Already 2018 has been a shitshow for Duval County's two political parties.
The latest lowlight: Last week's revelations that Duval Democrats' Committeeman John Parker was under investigation by the Florida Democratic Party for comments at a January dinner (such as the use of "colored people" in conversation) that were described by some observers as racist and other observers as mere verbal gaffes being exploited for political purposes.
The incident presents a mortal threat to the party as currently led, complete with the local party Chair Lisa King—Parker's wife—saying he should have resigned.
James Morton, a member of the Duval Democratic Black Caucus and the Democratic Black Caucus of Florida, was "mortified by comments from State Committeeman John Parker about 'coloreds' and 'sh*t being f*cked up after integration'" after that dinner.
One issue (possibly concerning in itself): not everyone at the dinner saw it the same way or heard the same words.
While City Council candidate Diallo-Sekou Seabrooks said Parker's words showed "blatant disregard for African Americans in his misnomer of classifications as 'colored.'" Seabrooks said it further showed further disdain for integration, which, as he reportedly put it on the night in question, was "when things really got f*cked up."
Yet others (speaking off the record) heard different words.
Here's one such dissent: "He made his 'colored people comment' and in the moment I knew he misspoke and meant 'people of color' ... He didn't say things 'got f*cked up after integration,' just that 'sh*t got real after integration.'"
That same attendee claimed Parker had apologized to the offended parties. For what that's worth.
Another attendee at the dinner saw it differently. This party's take is that the controversy is a) overblown and b) being exploited by King's enemies.
"Certain people within the Democratic Party are blowing it up for their own means. And it's been grabbed up by the right to distract from the push on City Hall.... It's so much damage for the party and we basically sent a fruit basket to Lenny Curry's office."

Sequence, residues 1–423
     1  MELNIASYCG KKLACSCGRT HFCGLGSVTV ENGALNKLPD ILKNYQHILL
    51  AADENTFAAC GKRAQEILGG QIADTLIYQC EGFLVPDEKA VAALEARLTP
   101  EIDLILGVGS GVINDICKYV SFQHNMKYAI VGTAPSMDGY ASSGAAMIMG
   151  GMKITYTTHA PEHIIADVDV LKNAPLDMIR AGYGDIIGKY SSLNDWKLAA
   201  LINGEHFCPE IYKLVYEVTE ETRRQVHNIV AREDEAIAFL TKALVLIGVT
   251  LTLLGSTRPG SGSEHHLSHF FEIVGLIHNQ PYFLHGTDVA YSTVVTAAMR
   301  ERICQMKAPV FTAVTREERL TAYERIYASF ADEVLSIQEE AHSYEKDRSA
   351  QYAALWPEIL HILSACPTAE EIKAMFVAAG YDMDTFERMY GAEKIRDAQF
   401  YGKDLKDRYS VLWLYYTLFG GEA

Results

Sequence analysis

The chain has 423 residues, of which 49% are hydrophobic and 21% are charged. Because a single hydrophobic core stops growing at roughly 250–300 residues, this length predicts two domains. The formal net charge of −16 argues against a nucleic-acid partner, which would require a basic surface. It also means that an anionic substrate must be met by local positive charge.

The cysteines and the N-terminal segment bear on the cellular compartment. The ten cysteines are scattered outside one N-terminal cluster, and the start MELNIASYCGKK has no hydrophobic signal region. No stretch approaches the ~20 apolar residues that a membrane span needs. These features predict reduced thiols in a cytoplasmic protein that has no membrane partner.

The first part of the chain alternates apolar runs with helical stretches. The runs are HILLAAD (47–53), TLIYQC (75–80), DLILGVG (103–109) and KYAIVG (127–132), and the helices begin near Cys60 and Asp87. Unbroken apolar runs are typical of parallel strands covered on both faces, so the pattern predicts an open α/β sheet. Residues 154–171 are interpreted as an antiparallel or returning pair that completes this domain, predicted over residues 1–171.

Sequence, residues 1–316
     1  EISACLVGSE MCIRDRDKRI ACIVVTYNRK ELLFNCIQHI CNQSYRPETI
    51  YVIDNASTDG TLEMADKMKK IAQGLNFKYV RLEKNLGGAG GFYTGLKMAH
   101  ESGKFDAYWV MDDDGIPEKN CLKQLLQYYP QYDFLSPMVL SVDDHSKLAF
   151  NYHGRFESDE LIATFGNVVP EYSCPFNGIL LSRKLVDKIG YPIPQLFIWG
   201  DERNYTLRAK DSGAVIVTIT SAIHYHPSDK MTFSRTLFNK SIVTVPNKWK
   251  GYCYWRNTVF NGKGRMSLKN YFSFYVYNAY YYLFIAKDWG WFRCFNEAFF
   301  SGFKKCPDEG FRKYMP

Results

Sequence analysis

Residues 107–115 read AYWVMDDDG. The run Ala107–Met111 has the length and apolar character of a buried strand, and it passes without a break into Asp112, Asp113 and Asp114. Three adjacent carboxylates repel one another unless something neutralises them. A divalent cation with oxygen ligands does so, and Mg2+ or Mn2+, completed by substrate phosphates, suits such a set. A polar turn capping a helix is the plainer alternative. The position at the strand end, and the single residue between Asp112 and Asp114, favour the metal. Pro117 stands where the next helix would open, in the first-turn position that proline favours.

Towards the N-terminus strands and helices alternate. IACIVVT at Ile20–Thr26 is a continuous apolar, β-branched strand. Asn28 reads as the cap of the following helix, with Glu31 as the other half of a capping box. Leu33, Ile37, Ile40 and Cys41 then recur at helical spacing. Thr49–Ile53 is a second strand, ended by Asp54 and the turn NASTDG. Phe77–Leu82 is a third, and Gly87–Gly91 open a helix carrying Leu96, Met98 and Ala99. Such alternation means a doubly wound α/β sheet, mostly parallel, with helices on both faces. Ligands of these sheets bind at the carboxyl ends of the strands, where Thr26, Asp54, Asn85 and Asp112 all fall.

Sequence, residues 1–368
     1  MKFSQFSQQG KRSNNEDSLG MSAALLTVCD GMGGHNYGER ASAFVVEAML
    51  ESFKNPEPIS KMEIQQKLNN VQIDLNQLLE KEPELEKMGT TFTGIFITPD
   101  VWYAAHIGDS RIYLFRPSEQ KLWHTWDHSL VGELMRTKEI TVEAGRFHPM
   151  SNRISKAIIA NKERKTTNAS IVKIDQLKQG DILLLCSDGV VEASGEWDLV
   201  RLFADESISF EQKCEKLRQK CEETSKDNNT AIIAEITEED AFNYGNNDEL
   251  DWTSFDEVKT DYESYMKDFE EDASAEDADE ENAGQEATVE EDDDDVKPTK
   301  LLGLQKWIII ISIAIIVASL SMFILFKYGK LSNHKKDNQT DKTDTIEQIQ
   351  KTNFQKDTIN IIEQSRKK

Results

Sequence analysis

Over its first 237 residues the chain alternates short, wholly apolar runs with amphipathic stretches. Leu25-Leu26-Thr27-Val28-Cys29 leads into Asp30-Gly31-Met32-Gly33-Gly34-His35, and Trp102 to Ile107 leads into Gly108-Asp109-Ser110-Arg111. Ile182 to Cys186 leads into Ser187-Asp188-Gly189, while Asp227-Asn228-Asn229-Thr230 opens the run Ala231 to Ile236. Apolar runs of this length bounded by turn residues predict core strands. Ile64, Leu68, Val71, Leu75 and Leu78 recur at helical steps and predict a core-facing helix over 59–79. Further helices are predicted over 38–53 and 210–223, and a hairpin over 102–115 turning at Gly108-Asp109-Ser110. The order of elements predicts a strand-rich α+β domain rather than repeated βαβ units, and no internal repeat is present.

That "fruit basket" comes at a time when King and Duval Democrats are pushing back against the JEA sale push.
King is now fighting a two-front war: an insurrection in her own party, and a Texas Death Match with Team Curry. Most everyone wonders why Parker didn't simply step down before now. And there is a lot of pressure on King to do the same, though she won't (at least yet).
Meanwhile, African-American elected officials-such as state Sen. Audrey Gibson-tried to work toward an improbable rapprochement.
"I just think he used the term ['colored people'] because it was something he was used to using. He might be stuck in time," Gibson said, in words that are hardly a ringing endorsement-though she stopped short of calling for King and/or Parker to resign.
State Rep. Tracie Davis likewise didn't condemn Parker out of hand, though her reaction was that of being perplexed at the sad spectacle that makes the party look divided.
Davis, when asked if there were divisions in the party, said, "It can have that impression. I honestly don't want to feel like that's a division. Here we are in 2018, I don't want the term that was used to be considered negative."
"Whatever the situation is, it needs to be handled quickly," Davis advised.
As jacked up as the Dems are headed into a year that includes 2018 state elections, a U.S. Senate race, and 2019 local ballots, the GOP has its own issues.
The latest example: Local GOP Chair Karyn Morton called for King and Parker to resign, as if her own party didn't almost blow up a few years back for some similar issues.
Almost out of space, but it bears mentioning in the interest of equal time how jacked up the local GOP is. Morton has a jihad of her own; she recently tried to purge Florida Federation of Young Republicans Chair Robbie Foster, who is the sole non-geriatric left in the building, from the local party.
She wanted him voted off the executive committee, which means he loses access to the Matlock DVDs. Yet she couldn't whip the votes. So, sources say, Foster is "on probation."
That's the cruelest cut of all; it means he still has to show up to those meetings.
While the jokes write themselves with these parties, what's not so funny is the straight line between sloppy politics and sloppy policy, abetted by two political parties sabotaging themselves with rank, avoidable stupidity.
The ultimate beneficiaries of this are the power brokers who continue to run and own Jacksonville. Deals get cut, and these twin ouroboros that are our local political parties are out of the game.
And yet some folks wonder why smart pols bypass the parties and run campaigns with their own political machines.
UPDATE: After this issue went to press, John Parker tendered his resignation as state committeeman and DNC member.